What can you do if Covid-19 has affected your pension?

What can you do if Covid-19 has affected your pension?

 · 8 min read
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Looking at the FTSE 100, it is currently down 12.8% from the start of 2020. The low point came in March with the index down 34.1% on the year. We have seen a significant rebound, and there are hopes that mass vaccinations will reduce the impact of Covid-19 in the future. It is worth noting that Brexit negotiations also held back the FTSE 100. The recent agreement between the UK and EU has removed at least one dark cloud from UK markets.

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Volatile stock markets

Looking at the FTSE 100, it is currently down 12.8% from the start of 2020. The low point came in March with the index down 34.1% on the year. We have seen a significant rebound, and there are hopes that mass vaccinations will reduce the impact of Covid-19 in the future. It is worth noting that Brexit negotiations also held back the FTSE 100. The recent agreement between the UK and EU has removed at least one dark cloud from UK markets.

INSERT MB Covid Pension Article Image 1 / alt text: graph highlighting FTSE 100 performance in 2020

As you can see from the graphs below, worldwide stock markets have been extremely volatile since February 2020. The leading US stock market indices, the Dow Jones Industrial Average and the NASDAQ, have recovered strongly. The Japanese Nikkei index also rebounded over the year. The European EUROSTOXX 50 index has struggled, although this is also a consequence of Brexit. This has impacted pension fund investments, and many people are concerned about the short to medium-term outlook.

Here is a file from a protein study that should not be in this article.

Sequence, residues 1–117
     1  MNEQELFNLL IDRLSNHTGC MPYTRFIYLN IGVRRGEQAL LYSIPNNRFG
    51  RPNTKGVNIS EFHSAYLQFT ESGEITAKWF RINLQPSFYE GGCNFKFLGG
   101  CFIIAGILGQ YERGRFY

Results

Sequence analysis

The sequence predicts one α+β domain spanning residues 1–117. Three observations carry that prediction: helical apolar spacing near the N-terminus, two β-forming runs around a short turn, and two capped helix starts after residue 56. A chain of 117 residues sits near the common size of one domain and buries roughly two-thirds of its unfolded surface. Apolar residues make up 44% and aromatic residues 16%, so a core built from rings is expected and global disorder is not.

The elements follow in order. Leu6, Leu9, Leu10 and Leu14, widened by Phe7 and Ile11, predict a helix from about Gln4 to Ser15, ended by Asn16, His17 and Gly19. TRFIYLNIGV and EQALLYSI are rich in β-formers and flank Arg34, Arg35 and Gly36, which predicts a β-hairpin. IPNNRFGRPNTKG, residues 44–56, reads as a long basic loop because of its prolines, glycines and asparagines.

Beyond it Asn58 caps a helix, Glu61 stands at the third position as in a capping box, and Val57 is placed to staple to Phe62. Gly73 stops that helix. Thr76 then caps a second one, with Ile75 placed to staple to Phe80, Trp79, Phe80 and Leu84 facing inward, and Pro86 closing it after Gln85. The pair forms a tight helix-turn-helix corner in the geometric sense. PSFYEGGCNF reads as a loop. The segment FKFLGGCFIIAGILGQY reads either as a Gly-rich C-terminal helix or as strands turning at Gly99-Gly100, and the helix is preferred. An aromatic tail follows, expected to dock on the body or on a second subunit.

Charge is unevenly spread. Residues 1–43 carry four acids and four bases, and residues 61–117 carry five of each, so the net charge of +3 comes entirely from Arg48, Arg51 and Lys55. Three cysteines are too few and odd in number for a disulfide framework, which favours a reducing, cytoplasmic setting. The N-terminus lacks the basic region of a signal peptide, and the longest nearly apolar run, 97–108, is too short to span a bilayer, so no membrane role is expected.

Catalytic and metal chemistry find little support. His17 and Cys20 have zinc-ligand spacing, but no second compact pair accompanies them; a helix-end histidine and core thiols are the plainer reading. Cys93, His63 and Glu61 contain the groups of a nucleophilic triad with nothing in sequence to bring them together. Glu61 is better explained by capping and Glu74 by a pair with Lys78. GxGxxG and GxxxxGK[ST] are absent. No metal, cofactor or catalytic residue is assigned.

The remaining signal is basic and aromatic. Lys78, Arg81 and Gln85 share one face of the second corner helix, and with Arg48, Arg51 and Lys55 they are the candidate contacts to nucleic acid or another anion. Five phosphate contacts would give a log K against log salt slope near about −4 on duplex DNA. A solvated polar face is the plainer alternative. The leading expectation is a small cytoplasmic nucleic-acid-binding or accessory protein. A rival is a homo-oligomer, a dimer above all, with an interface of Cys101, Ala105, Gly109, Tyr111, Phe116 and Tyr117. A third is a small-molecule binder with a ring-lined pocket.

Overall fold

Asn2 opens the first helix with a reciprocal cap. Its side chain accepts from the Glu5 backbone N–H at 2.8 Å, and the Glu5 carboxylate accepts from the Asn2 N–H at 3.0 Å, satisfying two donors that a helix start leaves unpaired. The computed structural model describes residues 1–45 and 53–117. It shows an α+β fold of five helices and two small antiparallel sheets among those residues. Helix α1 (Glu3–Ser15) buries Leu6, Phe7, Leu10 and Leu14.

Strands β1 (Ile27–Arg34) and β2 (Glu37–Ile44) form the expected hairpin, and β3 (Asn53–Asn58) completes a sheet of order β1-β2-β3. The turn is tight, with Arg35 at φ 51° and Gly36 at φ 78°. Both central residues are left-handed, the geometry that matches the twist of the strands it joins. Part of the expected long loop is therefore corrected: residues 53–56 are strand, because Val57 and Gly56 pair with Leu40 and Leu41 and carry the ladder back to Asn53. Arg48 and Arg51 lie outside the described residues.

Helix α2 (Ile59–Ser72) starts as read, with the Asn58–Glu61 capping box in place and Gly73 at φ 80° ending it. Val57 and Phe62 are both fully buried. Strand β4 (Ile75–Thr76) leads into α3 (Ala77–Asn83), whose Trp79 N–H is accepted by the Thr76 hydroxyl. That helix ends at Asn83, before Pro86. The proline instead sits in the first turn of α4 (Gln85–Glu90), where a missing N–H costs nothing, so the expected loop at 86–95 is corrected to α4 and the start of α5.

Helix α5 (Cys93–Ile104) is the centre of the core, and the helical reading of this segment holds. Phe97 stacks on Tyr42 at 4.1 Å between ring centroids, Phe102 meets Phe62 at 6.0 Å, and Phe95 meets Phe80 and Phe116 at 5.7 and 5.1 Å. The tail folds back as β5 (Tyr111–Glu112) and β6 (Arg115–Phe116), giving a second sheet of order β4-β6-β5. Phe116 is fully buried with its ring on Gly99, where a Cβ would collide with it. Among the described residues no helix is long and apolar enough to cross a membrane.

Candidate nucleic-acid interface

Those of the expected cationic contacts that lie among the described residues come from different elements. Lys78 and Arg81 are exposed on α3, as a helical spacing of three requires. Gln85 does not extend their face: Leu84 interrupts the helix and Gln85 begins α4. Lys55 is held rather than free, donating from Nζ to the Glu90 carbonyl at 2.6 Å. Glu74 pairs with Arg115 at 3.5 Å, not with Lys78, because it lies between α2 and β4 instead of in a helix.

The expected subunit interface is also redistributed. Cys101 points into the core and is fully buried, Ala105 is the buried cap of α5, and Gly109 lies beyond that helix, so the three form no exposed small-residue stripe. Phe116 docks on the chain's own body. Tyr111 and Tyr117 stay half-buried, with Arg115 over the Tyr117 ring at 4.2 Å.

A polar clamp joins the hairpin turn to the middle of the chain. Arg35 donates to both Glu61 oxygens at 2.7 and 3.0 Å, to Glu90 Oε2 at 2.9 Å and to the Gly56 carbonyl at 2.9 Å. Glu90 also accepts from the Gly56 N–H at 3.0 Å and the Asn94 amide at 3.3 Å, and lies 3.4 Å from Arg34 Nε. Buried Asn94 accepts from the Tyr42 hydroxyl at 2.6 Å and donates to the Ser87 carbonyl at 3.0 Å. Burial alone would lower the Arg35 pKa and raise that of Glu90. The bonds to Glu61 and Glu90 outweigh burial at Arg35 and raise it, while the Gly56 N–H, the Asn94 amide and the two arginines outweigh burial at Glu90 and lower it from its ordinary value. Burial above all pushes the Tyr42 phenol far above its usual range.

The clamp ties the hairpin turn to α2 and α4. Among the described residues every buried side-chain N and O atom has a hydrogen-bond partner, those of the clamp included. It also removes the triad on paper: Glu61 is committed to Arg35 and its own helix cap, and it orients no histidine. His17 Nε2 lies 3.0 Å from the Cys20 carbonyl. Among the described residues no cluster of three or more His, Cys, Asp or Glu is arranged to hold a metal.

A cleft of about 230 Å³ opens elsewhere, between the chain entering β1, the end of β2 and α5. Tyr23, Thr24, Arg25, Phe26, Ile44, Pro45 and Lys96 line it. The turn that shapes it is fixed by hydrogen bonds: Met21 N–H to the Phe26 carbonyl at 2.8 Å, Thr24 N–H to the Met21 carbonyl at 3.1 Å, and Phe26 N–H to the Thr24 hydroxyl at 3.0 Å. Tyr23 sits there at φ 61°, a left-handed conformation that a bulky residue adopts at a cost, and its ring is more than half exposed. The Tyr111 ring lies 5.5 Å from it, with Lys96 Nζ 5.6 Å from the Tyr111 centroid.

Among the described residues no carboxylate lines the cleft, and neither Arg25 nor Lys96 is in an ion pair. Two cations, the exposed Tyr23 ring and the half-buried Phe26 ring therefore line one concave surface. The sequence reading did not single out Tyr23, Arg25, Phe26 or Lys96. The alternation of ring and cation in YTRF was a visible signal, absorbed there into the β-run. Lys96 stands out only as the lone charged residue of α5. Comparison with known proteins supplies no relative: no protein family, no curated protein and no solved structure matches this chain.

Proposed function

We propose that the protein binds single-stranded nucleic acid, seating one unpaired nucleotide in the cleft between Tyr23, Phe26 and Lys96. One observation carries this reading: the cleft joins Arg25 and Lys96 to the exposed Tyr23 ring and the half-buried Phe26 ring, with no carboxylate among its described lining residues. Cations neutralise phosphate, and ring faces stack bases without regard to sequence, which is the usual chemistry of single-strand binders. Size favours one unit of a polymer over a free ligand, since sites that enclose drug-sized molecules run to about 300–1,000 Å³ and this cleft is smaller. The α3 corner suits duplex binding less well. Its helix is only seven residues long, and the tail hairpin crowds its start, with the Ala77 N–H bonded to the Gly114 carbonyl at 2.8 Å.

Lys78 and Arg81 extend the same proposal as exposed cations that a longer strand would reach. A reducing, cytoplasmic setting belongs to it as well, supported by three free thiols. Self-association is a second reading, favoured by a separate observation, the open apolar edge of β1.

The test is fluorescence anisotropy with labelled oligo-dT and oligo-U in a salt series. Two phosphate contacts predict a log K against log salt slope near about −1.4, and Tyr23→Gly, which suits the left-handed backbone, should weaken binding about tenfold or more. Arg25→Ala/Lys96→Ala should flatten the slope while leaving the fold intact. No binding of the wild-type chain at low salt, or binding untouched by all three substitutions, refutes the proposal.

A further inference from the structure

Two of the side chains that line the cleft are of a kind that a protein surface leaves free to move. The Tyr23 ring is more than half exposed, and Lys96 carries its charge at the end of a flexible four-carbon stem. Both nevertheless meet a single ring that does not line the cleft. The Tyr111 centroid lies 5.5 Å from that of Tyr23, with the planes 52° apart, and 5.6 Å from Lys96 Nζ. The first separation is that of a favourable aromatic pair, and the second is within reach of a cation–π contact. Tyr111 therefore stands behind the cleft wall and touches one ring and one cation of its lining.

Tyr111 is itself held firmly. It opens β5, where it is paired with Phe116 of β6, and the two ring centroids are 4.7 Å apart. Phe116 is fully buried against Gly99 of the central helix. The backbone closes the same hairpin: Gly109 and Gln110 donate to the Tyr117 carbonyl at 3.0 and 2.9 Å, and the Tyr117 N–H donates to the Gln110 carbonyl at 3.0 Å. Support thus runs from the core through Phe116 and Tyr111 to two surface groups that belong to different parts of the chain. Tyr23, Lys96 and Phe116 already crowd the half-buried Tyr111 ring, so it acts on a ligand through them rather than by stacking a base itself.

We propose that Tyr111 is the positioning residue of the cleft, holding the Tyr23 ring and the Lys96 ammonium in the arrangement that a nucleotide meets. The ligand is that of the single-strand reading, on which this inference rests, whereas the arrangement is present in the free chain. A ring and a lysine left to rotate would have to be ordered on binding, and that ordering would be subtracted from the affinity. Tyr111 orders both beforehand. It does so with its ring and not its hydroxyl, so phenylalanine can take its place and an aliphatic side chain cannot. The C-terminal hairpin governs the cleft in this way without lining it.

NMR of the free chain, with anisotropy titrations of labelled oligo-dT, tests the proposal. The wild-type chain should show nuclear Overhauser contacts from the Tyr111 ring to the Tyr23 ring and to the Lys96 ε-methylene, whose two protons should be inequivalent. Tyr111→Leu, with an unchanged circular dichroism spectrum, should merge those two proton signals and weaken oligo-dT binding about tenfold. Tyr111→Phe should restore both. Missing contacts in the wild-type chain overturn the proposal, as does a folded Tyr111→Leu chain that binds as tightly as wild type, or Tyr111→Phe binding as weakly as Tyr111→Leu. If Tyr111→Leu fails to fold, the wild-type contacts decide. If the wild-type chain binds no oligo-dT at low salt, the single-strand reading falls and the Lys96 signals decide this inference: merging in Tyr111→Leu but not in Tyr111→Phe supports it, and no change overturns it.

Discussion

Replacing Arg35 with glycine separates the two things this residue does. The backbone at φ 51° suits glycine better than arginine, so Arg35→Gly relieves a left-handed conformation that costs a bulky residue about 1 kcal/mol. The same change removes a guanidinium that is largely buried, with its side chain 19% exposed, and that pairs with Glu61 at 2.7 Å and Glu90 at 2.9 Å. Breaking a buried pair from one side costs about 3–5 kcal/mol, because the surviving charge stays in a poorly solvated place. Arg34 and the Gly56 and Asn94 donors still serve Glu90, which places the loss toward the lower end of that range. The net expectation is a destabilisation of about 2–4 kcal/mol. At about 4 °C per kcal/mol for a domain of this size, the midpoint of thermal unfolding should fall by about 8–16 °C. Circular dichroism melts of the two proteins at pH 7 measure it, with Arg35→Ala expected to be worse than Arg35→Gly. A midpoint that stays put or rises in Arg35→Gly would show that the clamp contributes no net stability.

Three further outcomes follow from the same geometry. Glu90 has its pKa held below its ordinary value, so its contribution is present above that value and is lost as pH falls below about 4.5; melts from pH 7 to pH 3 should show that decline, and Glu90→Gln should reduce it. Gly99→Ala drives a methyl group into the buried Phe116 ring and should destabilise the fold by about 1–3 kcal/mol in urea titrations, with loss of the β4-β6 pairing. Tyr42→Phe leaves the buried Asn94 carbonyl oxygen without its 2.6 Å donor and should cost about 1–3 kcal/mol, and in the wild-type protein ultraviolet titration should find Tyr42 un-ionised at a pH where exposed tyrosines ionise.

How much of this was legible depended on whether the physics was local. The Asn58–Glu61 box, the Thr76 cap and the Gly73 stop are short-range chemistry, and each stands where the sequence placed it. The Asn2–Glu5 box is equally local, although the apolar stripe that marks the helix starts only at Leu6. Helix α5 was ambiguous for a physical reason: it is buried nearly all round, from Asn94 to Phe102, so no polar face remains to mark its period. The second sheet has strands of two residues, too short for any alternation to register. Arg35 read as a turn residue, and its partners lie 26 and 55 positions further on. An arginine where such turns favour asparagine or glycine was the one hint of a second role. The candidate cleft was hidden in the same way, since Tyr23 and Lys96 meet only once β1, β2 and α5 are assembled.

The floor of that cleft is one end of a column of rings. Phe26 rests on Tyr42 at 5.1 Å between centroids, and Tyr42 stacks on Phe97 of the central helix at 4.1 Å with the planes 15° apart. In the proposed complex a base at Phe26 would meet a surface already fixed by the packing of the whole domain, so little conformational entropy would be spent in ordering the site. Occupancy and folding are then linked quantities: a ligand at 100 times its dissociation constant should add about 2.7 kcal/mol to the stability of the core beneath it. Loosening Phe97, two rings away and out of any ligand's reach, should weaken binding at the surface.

INSERT MB Covid Pension Article Image 2 / alt text: graph highlighting international stock market performance in 2020

Defined contribution and defined benefit pension schemes

When looking at the impact of stock market volatility on pension funds, we need to differentiate between defined contribution and defined benefit schemes.

Impact on defined contribution pension schemes

As defined contribution pension schemes are dependent upon the value of the underlying investments, there is more risk associated with this type of pension. However, whether you contribute to a personal pension or via a defined contribution employer scheme, there are still various options available. Those who are approaching, or have just moved into pension drawdown, could feel the most significant impact in the short-term.

Impact on defined benefit pension schemes

In theory, short term stock market volatility shouldn't impact pension benefits accumulated via a defined benefit pension scheme. These pension benefits are related to final salary and years of service. The main concern for many defined benefit pension members is the financial strength of the underlying employer. However, in the event of difficulties, there are regulatory protections and various short to medium-term options.

How to protect your pension benefits

Amid volatile stock markets and wildly fluctuating pension fund values, it is easy to panic. You can take several actions to protect the short, medium and long-term value of your pension assets. 

Defined contribution pension schemes

Those with defined contribution pension arrangements will be more acutely aware of stock market fluctuations. Remember to take financial advice before pursuing any of the below actions.